KCS implemented a new policy requiring all prescribers agency wide to have their x-waiver. How did you come to that decision and how is this being implemented?

The decision was easy.  We are not a huge entity, and we have a firm belief to foster a culture of integrated care at every level of staffing at our agency. This was a decision between the Executive Director and the Medical Director. Although there was some resistance at first, our offer to pay for the time to get the training and our strong suggestion that this is critical to our mission allowed for an environment where compliance was easy to implement.  All of our prescribers are at various stages of training, but we anticipate that every provider will be x-waivered soon. Newly hired providers will only be hired if x-waivered or if they agree to training upon commencement of employment.

You recently held an all agency training on MAT and stigma. Can you tell us more about the training — what content did you include, how was it received, and did it have the impact you hoped it would? What recommendations would you make to other teams looking to conduct agency-wide trainings?

Our trainings are ongoing with different staff groups. As we mentioned previously, Dr. Mario led our first training, which was a success. The training covered the biological and medical reasons that de-stigmatized addiction and was well received and well worth the investment in bringing our team the expertise in addiction medicine. The only recommendation we would make is that it takes commitment in resources and time to address stigma and without the institutional investment, reversing the culture of stigma is difficult.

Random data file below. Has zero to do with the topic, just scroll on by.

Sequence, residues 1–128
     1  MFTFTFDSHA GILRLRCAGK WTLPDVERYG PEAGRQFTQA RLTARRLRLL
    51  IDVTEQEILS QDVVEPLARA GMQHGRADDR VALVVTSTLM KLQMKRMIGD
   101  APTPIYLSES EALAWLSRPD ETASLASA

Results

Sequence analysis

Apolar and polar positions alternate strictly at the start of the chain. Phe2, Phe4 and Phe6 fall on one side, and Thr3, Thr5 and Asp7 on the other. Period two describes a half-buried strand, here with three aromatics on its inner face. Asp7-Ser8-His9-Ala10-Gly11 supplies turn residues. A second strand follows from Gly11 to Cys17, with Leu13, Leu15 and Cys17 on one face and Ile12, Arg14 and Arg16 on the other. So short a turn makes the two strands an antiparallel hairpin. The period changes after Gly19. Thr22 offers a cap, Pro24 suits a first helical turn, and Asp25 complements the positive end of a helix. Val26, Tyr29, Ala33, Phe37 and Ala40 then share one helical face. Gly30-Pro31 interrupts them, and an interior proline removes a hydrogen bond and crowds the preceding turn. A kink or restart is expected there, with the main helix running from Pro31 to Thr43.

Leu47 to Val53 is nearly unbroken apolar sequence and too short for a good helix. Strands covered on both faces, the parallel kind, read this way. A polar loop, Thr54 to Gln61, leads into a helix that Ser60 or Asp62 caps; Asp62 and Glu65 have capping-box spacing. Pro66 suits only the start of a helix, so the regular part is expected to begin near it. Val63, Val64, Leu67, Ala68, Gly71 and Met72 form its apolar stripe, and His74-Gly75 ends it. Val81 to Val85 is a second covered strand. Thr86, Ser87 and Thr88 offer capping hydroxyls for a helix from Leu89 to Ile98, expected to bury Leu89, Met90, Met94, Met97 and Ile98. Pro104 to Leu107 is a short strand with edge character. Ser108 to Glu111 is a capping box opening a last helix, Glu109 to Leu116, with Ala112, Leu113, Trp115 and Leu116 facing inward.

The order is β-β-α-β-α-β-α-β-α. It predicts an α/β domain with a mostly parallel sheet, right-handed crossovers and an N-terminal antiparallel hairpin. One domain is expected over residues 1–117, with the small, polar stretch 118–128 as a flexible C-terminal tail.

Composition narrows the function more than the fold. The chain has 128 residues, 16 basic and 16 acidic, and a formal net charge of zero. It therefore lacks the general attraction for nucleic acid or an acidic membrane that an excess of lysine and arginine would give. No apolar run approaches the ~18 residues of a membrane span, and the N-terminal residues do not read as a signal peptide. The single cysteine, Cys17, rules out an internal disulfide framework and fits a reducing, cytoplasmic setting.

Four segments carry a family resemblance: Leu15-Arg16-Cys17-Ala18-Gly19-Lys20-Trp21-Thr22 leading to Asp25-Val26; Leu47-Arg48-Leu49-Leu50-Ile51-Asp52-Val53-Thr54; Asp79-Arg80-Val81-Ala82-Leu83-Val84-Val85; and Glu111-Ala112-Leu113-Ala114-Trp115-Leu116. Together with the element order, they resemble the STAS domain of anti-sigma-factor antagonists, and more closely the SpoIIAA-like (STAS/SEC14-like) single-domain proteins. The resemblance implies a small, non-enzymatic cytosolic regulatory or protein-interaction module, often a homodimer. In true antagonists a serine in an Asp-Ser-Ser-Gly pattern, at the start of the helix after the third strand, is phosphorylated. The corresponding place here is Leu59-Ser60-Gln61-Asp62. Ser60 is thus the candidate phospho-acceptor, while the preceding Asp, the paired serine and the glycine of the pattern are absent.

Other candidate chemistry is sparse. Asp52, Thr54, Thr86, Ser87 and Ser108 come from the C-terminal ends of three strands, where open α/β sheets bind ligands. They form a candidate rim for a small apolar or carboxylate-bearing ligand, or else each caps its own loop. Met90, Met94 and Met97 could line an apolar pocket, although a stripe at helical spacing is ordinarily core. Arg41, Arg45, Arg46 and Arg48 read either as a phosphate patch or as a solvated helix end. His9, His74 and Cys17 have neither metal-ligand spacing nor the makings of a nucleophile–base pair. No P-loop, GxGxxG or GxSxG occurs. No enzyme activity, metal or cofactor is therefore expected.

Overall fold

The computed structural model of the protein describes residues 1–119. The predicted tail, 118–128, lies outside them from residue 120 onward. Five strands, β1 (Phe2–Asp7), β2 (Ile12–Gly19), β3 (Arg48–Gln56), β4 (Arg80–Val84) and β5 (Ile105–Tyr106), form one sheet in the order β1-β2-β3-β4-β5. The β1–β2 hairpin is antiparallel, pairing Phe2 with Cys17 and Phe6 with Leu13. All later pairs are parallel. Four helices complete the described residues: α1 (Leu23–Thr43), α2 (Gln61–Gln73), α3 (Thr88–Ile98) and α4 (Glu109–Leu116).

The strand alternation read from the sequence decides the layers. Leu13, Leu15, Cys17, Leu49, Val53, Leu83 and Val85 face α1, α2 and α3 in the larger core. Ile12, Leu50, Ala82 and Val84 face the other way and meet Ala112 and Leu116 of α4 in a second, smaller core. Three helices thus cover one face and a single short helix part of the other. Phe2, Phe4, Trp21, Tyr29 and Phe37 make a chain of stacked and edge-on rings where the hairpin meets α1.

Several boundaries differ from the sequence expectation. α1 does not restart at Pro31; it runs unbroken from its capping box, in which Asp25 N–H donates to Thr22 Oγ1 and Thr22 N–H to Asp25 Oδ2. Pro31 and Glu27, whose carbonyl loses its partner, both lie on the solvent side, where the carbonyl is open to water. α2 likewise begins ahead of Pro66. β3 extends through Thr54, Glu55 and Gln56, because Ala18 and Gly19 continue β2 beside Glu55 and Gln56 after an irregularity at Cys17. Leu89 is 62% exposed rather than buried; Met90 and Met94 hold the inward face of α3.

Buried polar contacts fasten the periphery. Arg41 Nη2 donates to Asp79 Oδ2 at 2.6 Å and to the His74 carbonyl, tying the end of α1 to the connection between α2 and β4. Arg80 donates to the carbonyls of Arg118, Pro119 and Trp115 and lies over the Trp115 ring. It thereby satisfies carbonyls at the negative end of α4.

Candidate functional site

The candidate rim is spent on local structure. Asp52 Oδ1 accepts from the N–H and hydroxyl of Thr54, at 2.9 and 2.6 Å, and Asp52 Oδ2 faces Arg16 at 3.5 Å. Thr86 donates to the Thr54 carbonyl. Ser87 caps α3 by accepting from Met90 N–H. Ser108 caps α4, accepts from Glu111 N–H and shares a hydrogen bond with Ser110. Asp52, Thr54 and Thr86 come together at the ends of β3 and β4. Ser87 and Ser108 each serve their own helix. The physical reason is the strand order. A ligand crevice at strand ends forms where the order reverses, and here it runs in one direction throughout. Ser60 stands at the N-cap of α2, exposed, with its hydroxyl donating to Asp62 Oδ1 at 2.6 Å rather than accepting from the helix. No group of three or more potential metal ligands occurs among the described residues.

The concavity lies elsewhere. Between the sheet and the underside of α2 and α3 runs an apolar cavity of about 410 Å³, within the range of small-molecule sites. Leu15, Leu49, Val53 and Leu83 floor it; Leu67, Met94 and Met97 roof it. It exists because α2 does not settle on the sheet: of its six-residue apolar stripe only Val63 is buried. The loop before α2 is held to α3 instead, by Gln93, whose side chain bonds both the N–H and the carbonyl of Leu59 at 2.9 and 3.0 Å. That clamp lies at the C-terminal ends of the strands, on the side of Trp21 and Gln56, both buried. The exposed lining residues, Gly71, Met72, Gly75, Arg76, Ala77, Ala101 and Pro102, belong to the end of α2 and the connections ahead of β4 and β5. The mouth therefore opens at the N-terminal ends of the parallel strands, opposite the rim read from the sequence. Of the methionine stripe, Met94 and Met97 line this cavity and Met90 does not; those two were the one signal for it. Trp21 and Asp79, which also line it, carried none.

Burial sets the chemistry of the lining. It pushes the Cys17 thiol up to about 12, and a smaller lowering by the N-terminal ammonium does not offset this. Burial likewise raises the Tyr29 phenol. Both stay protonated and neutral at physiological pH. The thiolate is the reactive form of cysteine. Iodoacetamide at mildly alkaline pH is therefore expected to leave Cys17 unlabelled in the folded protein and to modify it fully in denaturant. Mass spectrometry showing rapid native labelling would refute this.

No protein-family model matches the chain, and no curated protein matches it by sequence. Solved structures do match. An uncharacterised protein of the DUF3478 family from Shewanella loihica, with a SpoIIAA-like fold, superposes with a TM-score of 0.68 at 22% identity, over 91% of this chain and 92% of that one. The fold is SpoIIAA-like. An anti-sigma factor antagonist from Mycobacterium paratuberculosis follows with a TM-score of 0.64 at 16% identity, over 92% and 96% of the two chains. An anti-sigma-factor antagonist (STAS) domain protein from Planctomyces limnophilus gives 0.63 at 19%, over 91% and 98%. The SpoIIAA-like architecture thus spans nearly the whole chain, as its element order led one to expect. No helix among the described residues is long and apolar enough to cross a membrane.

KCS plans to launch a mini-clinic that will integrate behavioral health and primary care services. Please tell us about the implementation process. Who on your MAT team is involved?

We are planning to add MAT services at one of our sites that is currently used more for counseling and other non-clinical services. We’re doing this to expand access to MAT to more sites within our system. We also heard from patients that they didn’t necessarily want to go to a medical clinic to receive MAT.  Our primary care provider, care navigator, medical assistant, therapist and other support staff will be involved initially at this mini-site. One day a week a provider will do medical evaluations and physical exams, in addition to prescribing medications for addiction treatment. We are ready to launch soon, as we just received approval from HRSA.

Is there anything else you would like to share with the ATSH network? 

MAT is incredibly rewarding. With years of experience as an outpatient treatment provider, we have provided counseling to thousands of clients battling SUD. The addition of MAT has been transformative as it gives us a powerful tool to curb cravings in the critical stage when a client has decided to move toward doing something about addiction. Although early, we predict that our success rate for treatment with MAT will be much, much higher than behavioral health treatment alone.